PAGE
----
Anaplastic large cell lymphoma (ALCL) is a type of T-cell non-Hodgkin's lymphoma. Most ALCL cases fall into one of two distinct forms: systemic ALCL, involving lymph nodes or extranodal sites; or primary cutaneous ALCL, involving skin nodules.
An aggressive (rapidly progressing) type of non-Hodgkinâ€(tm)s lymphoma that is usually of the T-cell type. The cancer cells express a marker called CD30 or Ki-1 on the surface, and may appear in the lymph nodes, skin, bones, soft tissues, lungs, or liver.
a fairly new type of large cell Non-Hodgkin's lymphoma. Most cases are T-cell or cell type unknown (null). It can be systemic in children or young adults or cutaneous (in/on the skin). Disease limited to the skin is quite indolent and remains localized to the skin with many examples of spontaneous remission. The systemic form can involve lymph nodes and extranodal sites acting aggressively but responds to chemotherapy used to treat other large cell lymphomas. Also see the Anaplastic Large Cell Lymphoma page. Previously called Ki-1 lymphoma.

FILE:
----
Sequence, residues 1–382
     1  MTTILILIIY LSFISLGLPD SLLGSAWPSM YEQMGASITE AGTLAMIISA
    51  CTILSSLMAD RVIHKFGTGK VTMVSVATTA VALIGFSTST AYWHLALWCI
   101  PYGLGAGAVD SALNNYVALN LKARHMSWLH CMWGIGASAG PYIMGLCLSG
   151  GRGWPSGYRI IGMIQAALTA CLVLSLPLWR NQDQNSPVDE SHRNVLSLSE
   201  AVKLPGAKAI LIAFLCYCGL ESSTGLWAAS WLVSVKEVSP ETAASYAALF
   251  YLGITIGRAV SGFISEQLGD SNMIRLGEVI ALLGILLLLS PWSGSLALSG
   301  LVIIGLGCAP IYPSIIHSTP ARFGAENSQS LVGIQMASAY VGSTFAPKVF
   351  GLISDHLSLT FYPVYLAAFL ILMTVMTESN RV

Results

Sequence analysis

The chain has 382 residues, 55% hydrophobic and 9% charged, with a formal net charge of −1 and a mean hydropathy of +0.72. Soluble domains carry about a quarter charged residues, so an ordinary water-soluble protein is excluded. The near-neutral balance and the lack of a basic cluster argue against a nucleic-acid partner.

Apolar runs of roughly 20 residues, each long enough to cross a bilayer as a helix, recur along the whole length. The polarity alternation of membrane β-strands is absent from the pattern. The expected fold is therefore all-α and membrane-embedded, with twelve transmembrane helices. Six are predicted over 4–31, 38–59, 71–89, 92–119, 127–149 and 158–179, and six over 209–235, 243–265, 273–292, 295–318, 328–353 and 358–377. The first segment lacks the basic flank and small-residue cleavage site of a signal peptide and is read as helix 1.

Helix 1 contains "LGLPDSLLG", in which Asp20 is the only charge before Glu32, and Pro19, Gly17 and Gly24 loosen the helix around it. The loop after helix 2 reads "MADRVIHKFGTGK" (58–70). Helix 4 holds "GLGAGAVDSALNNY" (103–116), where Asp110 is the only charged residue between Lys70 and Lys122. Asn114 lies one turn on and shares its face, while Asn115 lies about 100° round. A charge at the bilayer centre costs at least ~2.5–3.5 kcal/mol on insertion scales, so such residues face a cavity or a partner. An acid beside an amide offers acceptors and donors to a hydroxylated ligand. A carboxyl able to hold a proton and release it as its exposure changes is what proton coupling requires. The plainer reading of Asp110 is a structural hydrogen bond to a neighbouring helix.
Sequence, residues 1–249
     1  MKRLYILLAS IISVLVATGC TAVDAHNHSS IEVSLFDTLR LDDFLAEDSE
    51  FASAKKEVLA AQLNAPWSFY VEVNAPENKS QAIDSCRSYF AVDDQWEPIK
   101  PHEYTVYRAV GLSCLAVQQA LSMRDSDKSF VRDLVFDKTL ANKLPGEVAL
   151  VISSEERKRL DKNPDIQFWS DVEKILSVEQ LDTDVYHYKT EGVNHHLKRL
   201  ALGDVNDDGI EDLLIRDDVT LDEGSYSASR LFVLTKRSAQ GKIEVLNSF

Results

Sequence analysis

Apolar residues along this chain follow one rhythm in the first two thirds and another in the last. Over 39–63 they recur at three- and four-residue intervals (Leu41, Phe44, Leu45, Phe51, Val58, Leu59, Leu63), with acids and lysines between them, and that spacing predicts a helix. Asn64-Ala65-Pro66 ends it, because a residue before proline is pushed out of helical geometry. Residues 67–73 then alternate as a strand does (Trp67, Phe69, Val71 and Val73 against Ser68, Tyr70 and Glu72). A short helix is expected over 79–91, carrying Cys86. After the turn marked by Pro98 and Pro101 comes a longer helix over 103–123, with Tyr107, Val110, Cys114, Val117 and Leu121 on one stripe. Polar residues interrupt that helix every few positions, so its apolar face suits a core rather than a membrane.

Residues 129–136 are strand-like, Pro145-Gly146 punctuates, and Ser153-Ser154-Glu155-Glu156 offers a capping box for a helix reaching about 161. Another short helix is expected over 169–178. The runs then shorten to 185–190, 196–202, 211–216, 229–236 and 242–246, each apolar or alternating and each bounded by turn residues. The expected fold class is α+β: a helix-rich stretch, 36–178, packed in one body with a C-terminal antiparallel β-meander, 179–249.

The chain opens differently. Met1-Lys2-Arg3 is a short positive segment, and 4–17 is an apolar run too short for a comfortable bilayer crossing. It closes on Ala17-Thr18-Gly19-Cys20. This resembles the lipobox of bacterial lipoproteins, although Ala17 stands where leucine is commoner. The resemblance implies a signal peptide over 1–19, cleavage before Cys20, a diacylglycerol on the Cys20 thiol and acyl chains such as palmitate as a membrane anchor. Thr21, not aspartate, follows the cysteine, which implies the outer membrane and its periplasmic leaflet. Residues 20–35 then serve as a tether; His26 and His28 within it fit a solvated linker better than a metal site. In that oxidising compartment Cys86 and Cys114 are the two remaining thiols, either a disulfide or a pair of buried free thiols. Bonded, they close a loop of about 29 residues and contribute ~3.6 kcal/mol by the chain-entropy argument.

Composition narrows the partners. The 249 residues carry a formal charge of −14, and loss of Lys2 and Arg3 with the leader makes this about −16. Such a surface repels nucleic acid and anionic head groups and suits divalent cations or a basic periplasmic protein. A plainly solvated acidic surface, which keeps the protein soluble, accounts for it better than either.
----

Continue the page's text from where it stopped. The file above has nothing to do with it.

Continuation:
A rare aggressive form of lymphoma (cancer that begins in cells of the lymphatic system) that is usually of T-cell origin.
Anaplastic large cell lymphoma (ALCL) is a type of non-Hodgkin lymphoma that features in the World Health Organisation (WHO) classification of lymphomas.